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3 Spooky Phobias That Are More Common Than You Think

It’s a fact of life that everyone’s afraid of something. We’re all convinced that we have some irrational fear that must be unique to only us: antique furniture (furniture phobia), otters (lutraphobia), knees (genuphobia) — the list of phobias goes on and on. But while some fears are definitely specific to a few select people (say, Billy Bob Thornton’s admitted furniture phobia), there are many more that are shared by whole swaths of the population — and not just on spooky days like Halloween.

So how common are phobias, exactly? Nearly nine percent of all American adults suffer from a specific phobia in a given year, and nearly 22 percent of all those cases are classified as severe, according to the National Institute of Mental Health

‘Weird Phobias’ Are Not So Weird After All

One of the most common phobias that you’ve probably heard before is the fear of the number 13, aka triskaidekaphobia. While it may sound like a weird phobia if you don’t have it — after all, a number can’t physically harm you like a poisonous snake or a deathly food allergy — the fear is all too real: Researchers estimate that at least 10 percent of Americans think the number 13 is scary.

This fear is apparent all around us. For example, you may have noticed that many buildings (especially hotels) don’t have a 13th floor. Instead, there is often a noticeable gap between the 12 and 14 in the elevator buttons. This “mistake” is done completely on purpose to accommodate any people moving through that building who might have triskaidekaphobia. (Although let’s be honest, doesn’t everyone realize that “14” is actually the 13th floor with a less frightening name?)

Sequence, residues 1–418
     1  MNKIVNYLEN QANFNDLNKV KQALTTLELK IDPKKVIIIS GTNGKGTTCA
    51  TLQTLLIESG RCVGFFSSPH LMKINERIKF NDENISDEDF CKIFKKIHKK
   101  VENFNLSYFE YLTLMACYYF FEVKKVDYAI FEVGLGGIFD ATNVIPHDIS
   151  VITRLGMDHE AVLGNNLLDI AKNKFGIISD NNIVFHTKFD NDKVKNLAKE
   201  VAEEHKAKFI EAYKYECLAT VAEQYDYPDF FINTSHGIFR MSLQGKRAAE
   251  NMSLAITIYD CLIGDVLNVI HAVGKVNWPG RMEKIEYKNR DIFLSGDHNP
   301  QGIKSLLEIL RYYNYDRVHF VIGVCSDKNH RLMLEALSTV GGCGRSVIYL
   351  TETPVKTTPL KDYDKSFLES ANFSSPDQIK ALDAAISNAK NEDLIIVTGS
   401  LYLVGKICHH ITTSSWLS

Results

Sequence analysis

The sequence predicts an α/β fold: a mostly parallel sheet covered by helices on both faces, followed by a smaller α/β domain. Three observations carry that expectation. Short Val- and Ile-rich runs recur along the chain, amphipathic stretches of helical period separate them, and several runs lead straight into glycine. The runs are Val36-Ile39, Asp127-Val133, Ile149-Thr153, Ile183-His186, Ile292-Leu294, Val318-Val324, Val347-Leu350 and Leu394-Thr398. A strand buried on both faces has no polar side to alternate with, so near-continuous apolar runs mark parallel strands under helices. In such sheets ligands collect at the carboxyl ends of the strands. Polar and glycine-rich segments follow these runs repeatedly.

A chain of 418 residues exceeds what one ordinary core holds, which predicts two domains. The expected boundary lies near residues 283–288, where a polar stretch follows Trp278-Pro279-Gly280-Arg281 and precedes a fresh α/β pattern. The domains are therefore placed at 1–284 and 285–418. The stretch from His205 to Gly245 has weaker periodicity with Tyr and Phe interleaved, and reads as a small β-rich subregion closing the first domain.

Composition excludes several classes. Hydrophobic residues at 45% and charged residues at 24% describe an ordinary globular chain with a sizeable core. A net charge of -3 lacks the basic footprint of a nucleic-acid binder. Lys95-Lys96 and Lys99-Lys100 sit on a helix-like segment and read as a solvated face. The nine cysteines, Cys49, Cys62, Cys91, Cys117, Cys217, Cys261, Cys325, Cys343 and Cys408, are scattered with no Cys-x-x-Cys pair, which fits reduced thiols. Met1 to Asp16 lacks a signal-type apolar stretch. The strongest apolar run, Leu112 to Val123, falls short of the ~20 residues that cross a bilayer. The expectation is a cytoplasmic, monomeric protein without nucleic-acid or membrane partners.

It just goes to show how a seemingly harmless fear can actually be a legitimate, life-altering issue. The same goes for many other so-called “odd phobias” and “weird fears” out there. But it is comforting to know that if you or someone you love is suffering or has ever suffered from a fear of that nature, you are far from alone. Even better news? There are many therapy options available today that can help people face their fears and learn coping mechanisms to put their phobias to rest for good. Scroll below to see a list of phobias that are more common than you might think. 

Trigger warning: Some of the images and descriptions below may upset people who are afraid of clustered holes (trypophobia), flying (aviophobia), or clowns (coulrophobia).

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